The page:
I am continually reminded about how often I am wrong. (I keep hoping this awareness makes me smarter.) Today I am indebted to Sam Smith.
For example, when asked how big a role the private prisons industry played in promoting the war on drugs in the 1980s, I always have said, "None." In all the meetings and hearings on the subject that I participated in, I never heard or met anyone shilling for the private prison industry. My perspective has been shaped by the speeches I heard (or wrote), or the hearings I attended (or set up) that focused on the emotions around drugs -- the fears, the anger at traffickers, etc.
But I rarely went to fundraisers and I never examined campaign finance reports.
Sam Smith, one of my favorite political analysts, who touts himself as "Washington's most unofficial source," posted this on his Progressive Review blog:
Sam Smith - I have long puzzled over the fact that the North got so emotionally involved in the Civil War. I know the argument of loyalty to union and so forth, but the cost was so immense that I still have a hard time wrapping my head around it. Perhaps it's because we now live in such an amoral time that it's hard to relate to so many giving up so much out of conscience.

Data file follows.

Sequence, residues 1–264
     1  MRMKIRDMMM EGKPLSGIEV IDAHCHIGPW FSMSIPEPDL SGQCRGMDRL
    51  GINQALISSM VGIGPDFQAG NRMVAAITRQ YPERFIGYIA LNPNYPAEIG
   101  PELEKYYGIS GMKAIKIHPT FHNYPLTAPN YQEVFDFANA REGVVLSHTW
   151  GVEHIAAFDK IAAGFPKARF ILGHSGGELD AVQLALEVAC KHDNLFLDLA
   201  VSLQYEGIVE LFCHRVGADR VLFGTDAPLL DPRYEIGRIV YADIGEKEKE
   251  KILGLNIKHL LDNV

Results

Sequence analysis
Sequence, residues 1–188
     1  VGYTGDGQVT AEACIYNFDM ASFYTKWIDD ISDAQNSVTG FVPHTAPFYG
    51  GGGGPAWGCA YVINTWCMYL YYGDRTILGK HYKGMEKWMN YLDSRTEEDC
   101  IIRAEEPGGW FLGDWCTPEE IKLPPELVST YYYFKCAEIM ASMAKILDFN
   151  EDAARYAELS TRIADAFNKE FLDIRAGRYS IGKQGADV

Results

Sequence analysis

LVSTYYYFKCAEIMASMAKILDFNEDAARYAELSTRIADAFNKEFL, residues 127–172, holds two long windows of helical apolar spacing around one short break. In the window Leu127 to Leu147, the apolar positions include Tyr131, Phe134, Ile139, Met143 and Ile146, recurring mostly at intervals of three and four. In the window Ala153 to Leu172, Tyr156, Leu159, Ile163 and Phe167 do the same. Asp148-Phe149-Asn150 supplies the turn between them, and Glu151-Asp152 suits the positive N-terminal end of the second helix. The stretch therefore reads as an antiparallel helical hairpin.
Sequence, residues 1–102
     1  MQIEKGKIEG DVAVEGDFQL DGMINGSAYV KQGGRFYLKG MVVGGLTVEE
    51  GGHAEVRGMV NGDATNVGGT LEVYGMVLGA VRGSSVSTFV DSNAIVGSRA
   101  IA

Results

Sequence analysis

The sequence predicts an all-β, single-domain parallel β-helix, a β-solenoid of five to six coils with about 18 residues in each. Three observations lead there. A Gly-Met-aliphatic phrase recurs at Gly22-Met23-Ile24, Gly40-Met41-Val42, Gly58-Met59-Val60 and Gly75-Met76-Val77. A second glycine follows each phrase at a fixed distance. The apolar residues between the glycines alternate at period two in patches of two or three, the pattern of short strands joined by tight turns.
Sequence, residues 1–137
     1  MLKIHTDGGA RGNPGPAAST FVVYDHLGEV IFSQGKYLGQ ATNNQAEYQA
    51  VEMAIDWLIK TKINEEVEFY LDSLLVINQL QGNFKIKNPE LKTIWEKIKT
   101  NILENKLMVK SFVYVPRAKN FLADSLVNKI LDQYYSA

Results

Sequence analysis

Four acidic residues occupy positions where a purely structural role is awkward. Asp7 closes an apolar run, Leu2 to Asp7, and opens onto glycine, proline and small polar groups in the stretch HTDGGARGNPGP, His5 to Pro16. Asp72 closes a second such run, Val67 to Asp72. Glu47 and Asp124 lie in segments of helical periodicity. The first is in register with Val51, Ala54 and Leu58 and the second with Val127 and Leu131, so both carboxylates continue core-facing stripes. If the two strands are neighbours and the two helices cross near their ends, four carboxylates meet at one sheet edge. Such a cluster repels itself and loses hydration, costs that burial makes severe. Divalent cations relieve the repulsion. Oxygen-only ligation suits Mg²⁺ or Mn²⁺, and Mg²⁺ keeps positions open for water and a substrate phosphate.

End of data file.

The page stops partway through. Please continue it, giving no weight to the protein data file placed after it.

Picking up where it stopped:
But this morning searching for something in one of my books, I came across this passage:
"In America, by the time of the Civil War, slaves were the country's most valuable capital asset. In a nation with an annual federal budget of only $50 million, slaves had a market value of $2 billion, or more than twice that of all the country's railroads."
I had never before thought about what a huge financial interest northern businesses and workers had in ending slavery.
So my question for all you historians out there who correct me on other stuff is this: how big a factor was economic self interest in the north's desire to save the union?
How much is economic self-interest driving the war on drugs status quo? More than I have given it credit for.
The antidote? Mobilize others' self interest. Sphere: Related Content